2 Replies
          1. re: Sam Harmon

            When you are in Park Ridge you should do hot dogs at Super Dawg. You will be blocks away. It is a Chicago institution. You could also try Flukeys, Hot Dog Island and I'd agree with Hot Dougs in the city, tho it's not strictly a regular Chicago dawg.

            1. re: aviva1

              Good catch on Superdawg . . . another great Chicago institution.

          2. For some of the best Greek Gyros in town, while your in Park Ridge go to Touhy & Harlem to Nicks Drive in, this place also has great Boston Milkshakes.

            I call it "Chicago comfort food" the kind of place where a meal only sets you back $10, keeps you full for half the day afterwards, but the memory lasts a lifetime.

            Booby's is another great place in this catagory, for bugers and the one and only "Char salami sandwich".

            1. You guys rock. I've started a spreadsheet in Excel and have already booked Alinea. I can't wait for Harold's Fried Chicken.

              3 Replies
              1. re: Linus Paul

                I like Harold's . . . quite a bit actually. But this might come as a surprise to many. Maybe the best fried chicken in the city can be found at Laschet's Inn. That's the German restaurant I recommend above, and their fried chicken is fantastic. Check out this picture of Laschet's fried chicken: http://lthforum.com/bb/viewtopic.php?...

                And if you really like fried chicken, you might want to try the fried chicken with tamarind dipping sauce at Spoon Thai . . . one of many, many great dishes at Spoon. Here's a picture: http://www.chicagoposse.com/LiveJourn...

                1. re: BRB

                  5 yrs ago I remember really liking the fried chicken at Cheng's under the Bryn Mawr Red line El stop, I passed by last week and unfortunately they wern t open at that time on a Sunday.

                  Speaking of memories, I also remember a place on old RT66 called De Ray's Chicken Basket in Willowbrook that was outstanding, does anyone know if it's still there and any good?

                  1. re: abf005

                    del rheas in Willowbrook is still open. Still decent chicken, with a decent & affordable lunchtime buffet.

                    I also like the fried chicken @ Priscillas Ultimate Soul Food Buffet in Hillside, great cornbread, and smothered pork chops as well. Its also just east of the graveyard where Al Capone is buried.

                    Priscilla's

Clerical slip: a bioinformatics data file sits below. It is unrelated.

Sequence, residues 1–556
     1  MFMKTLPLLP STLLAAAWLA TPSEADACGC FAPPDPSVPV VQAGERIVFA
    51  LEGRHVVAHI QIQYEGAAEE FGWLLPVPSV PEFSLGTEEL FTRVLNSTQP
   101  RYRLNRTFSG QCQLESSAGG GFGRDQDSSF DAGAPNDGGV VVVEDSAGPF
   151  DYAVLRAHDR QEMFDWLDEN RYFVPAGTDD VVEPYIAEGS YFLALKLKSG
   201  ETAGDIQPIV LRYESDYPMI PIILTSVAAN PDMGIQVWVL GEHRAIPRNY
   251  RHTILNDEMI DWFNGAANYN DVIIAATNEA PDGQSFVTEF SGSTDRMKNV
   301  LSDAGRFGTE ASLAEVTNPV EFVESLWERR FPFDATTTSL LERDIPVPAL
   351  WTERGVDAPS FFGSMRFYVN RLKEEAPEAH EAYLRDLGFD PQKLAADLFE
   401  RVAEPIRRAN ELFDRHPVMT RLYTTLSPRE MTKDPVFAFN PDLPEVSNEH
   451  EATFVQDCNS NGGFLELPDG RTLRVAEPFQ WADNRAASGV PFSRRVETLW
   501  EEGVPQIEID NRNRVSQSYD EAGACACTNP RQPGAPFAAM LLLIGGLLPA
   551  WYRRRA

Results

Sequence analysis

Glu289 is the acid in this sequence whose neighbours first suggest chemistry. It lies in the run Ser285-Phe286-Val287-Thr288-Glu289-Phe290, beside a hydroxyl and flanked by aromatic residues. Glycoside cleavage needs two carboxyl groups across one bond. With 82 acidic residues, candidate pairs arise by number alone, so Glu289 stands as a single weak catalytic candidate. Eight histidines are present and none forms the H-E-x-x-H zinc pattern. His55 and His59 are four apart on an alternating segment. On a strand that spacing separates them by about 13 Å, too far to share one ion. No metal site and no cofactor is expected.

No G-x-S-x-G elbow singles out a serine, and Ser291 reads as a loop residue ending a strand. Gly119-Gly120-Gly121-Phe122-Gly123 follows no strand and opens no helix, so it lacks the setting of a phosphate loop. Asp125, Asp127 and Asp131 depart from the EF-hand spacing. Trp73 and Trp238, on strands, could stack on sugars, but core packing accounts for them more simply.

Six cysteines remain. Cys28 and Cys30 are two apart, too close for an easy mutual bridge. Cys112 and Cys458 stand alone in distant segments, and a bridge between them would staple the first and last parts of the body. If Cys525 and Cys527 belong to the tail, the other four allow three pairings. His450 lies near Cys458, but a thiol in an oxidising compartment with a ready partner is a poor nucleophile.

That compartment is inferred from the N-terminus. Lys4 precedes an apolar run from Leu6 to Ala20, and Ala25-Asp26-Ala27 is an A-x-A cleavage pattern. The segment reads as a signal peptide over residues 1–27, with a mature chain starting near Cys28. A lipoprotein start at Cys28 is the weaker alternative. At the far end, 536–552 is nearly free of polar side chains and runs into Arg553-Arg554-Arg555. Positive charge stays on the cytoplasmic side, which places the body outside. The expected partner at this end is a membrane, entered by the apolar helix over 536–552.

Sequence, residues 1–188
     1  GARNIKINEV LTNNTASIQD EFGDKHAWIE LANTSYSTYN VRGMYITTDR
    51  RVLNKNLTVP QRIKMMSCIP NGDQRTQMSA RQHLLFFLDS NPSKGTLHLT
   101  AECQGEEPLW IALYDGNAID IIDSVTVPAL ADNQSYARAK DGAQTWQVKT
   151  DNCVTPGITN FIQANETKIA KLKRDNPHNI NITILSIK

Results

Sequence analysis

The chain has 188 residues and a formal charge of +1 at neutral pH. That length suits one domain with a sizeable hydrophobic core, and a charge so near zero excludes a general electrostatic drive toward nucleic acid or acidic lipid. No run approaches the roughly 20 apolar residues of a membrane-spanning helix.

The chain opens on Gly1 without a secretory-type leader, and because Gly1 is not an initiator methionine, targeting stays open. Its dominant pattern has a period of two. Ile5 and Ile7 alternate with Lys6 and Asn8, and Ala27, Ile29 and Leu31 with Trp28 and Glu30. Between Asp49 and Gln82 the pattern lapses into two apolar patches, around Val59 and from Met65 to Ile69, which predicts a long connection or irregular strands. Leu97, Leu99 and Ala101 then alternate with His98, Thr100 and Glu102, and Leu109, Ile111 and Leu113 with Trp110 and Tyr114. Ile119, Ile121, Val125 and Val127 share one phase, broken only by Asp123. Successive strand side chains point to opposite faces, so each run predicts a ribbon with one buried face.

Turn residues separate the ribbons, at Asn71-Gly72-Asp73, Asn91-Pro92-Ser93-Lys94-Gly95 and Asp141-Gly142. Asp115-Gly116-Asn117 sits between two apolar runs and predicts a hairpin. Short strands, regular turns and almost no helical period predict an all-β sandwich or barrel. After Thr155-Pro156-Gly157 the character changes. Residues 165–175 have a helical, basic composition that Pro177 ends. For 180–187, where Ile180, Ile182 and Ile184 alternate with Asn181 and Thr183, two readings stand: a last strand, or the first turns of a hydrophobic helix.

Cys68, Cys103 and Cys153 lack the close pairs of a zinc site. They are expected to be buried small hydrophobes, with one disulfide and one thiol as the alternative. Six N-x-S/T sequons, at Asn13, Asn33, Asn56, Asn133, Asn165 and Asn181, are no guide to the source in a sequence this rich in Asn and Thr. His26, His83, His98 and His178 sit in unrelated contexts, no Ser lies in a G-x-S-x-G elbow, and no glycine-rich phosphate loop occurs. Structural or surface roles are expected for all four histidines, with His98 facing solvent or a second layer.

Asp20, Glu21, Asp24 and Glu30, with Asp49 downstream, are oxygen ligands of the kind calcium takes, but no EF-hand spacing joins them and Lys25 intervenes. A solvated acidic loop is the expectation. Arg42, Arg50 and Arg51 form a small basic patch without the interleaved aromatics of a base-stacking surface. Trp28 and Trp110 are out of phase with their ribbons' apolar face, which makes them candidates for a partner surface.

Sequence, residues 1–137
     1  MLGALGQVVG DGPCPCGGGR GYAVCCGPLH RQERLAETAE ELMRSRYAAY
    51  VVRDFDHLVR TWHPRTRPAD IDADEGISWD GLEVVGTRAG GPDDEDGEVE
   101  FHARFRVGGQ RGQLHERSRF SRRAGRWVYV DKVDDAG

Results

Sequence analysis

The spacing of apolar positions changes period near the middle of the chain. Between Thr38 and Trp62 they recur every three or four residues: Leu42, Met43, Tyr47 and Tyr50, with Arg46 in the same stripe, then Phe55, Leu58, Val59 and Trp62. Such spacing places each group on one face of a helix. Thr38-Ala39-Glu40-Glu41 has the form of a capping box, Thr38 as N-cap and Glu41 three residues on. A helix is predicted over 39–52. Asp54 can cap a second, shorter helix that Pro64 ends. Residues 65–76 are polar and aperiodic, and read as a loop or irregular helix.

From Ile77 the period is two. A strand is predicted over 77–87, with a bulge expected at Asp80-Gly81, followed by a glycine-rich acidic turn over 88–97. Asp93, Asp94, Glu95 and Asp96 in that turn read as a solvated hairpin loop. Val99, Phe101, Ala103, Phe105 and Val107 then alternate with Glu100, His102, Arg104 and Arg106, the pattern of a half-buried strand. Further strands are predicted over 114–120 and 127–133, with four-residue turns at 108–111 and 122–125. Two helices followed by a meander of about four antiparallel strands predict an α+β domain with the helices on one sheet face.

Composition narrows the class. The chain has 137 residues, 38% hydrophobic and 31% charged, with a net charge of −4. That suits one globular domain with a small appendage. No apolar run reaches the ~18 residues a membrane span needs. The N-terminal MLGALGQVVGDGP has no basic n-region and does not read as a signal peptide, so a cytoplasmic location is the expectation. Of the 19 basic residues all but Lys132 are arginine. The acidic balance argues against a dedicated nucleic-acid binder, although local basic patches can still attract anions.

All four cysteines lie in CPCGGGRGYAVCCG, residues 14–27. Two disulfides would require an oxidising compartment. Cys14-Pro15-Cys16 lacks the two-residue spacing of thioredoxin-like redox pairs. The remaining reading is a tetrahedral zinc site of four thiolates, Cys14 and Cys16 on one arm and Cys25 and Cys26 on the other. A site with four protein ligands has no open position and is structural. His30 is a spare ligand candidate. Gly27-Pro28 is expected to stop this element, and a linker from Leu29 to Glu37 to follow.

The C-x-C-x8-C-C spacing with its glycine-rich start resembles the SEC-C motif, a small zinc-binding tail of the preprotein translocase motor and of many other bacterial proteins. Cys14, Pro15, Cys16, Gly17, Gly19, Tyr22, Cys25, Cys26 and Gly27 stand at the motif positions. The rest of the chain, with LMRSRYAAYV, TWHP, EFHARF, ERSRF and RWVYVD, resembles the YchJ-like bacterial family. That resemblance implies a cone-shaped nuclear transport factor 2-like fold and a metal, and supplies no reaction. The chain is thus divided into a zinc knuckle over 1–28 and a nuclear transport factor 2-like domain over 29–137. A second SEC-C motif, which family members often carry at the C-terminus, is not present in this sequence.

4330 W. Roosevelt Road
                    Hillside, IL.

                    The best fried chicken I have found in the area is out west where I live. Pretty much every bar, and restaurant has chicken they fry to order. Places like Ripps in Ladd, IL., The Cherry Supper Club in Cherry, IL. etc. Between the supper clubs, fried chicken, and pork tenderloin sandwiches I eat pretty well out west of the city.

              2. I agree with most of the suggestions. I would like to add that if you think you might want to go to a game you should try to look at either the Cubs or Sox websites and see what games are home games and try to plan/purchase from there.

                I see you say you are here in HI so I would also suggest you try Hank's Haute Dogs in Honolulu on Coral street (www.hankshotdogs) as he used to own that hallowed hall of cuisine (mobil 5 star) Trio in Evanston. He's serving up real Vienna Beef dogs daily as well as real Italian Beef on Friday & Saturday nights. I am from Chicago but have lived in Hawaii 23 years, Hank gave me his personal list of places to go and many were on this list and many more in addition. Anyway something to think about. A hui hou!

                1. Re the oyster bar:
                  I know that Lake Michigan is startlingly big to people who think of lakes as something you can wave to someone on the opposite bank, but we are basically land-locked when it comes to oceans. A lot of good stuff gets flow in, and there are oyster bars (e.g. Twin Anchors) where people get together over beer and..., but to avoid disappointment, save that craving for the coasts or NOLA.

                  1 Reply
                  1. re: chicgail

                    Re - oysters ...the raw bar at Shaw's Crabhouse is really pretty good in my opinion ; they seem to always have variety from both east and west coast farms and it can be a fun place to get a night started - I mean oysters are just another product in the world of aquaculture and if you get the sense that the product is handled correctly and there is plenty of turnover - both true in the case of Shaw's - then I see no reason to avoid oysters just because you're in Chicago.

                    I've only been to the downtown Shaw's .. but it's also on the same block as Andy's jazz club and in walking distance to the House of Blues - and seeing that it's your first time to Chicago, you can check out the views of the river, the Wrigley building at night and our close by discount shopping area - Michigan Avenue.

                    ( kidding on that last item .. of course - bring more than one credit card ... )

                  2. This website is great. Thanks to everyone.

                    I actually work across the street from Hank's and I love his stuff. I'll ask him next time I'm there for his recommendations as well!